How to deal with difficult customers

In perfect world, all customers would love you from the first moment of contact . Unfortunately, sales people often find themselves involved in the challenging situation that arises when dealing with difficult and demanding customers. This type of scenario can easily place a sales person on the defensive, making him or her much less effective in negotiations.  It’s natural to lose motivation when working with demanding customers. Sticking it out requires a strategy for dealing with difficult people, self-restraint and an ability to keep power in the relationship.

Listen patiently

Exhibit a sense of control and don’t be to forceful. Come across as soft and don’t talk over demanding customers, even if it is abundantly clear that they are in the wrong. By listening, you have the opportunity to build trust, empathy and rapport whilst the customer calms down through voicing their problems.

Slow down

In uncomfortable situations it is natural to want to speed up and exit the situation as soon as possible. It is important that you fight this urge and do the exact opposite. If a customer is unhappy, be quiet. As the customer grows louder, be alert. Lower your voice and talk slowly but firmly. Demonstrating a sense of control shows that there is no emergency. The customer can relax and whatever they are demanding can be handled efficiently...

Stay unemotional

Emotions are contagious. This makes it difficult to remain unemotional when faced with certain situations. Remind yourself that anger comes from fear and by reading between the lines to discern the customer’s fears, you can attend to core issues and not be misdirected by chaos of the surface emotion.

Imagine an audience

Imagining an audience completely changes the emotional dynamic for you – allowing you to remain calm and in charge of the situation. This shift in perspective grants a buffer to keep you thinking clearly. After all, you wouldn’t want the other customers to see you as anything less than stellar.

Mirror their language

Mirroring is just taking the last few words the customer said and turning them into a question. This shows that you’re listening while prompting them to share more information. If a difficult customer says, “Things have been pretty bad lately,” then you respond, “Pretty bad lately?”. You’re encouraging the customer to continue on.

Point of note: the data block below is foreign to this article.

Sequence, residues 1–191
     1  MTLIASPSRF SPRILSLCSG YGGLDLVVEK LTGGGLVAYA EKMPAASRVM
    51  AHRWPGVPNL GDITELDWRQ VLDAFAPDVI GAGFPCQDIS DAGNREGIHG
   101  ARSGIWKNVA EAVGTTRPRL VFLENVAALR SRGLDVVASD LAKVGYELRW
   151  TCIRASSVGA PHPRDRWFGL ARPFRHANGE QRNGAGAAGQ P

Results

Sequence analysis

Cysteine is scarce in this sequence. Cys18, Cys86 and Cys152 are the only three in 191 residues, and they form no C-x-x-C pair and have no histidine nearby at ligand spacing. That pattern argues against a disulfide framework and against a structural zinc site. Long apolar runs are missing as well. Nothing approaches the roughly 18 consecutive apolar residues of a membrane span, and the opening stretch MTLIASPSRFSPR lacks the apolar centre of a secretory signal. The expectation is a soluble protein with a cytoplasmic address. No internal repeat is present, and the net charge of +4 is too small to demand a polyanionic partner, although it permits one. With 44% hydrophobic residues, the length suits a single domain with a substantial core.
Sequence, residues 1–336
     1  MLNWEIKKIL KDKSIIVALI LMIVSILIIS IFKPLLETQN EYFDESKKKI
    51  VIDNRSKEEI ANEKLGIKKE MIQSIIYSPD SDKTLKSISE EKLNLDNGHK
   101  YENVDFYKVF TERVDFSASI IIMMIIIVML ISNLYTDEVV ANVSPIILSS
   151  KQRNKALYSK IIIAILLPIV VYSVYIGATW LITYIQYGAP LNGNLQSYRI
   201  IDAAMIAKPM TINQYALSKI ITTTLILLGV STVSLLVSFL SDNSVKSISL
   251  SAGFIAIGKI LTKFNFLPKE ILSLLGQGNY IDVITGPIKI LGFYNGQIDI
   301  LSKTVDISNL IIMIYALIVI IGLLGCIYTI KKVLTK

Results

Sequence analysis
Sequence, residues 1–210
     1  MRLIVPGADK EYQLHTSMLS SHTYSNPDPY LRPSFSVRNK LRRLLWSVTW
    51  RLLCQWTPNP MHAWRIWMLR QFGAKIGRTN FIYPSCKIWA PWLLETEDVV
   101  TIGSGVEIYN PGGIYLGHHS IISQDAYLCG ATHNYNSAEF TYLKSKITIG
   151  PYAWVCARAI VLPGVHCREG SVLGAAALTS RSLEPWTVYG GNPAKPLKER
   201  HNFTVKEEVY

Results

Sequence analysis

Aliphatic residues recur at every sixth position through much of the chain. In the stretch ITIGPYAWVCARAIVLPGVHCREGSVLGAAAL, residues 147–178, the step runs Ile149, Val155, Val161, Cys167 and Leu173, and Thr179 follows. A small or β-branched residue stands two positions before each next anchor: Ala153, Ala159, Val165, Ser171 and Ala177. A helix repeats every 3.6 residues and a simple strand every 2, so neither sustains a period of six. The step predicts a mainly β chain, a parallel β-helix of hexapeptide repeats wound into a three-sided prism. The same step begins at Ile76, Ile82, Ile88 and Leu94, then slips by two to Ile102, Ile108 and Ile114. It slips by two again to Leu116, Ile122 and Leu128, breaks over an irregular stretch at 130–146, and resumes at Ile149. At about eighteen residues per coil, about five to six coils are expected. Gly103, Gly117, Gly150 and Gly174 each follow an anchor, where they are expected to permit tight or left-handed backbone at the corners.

Be wrong to be right

If nothing you are doing or saying satisfies the customer, use the strategy of surrendering and granting agreement. Because this is unexpected, the customer is likely to start defending you. It’s a natural behavioral mechanism that when a person is allowed to win they will start to be more open to what they were fighting against. This strategy helps makes difficult customers more open to negotiating because now they feel like the negotiation will be on their terms and not yours.  ….

Remember it’s not personal

Remember, this is a business issue not a personal one. If you are being attacked on a personal level, it can trigger you to defend yourself and move away from the issue at hand. A professional sales person should stick to the facts and stay firm with them. In reality, this customer knows nothing about you on a personal level. so keep this in mind and guide the conversation back to the pressing issue and how you intend to solve the problem. Ignore personal attacks. 

Further Reading:

How To Motivate Your Sales Team

Sales Leaders – More Effective Hiring

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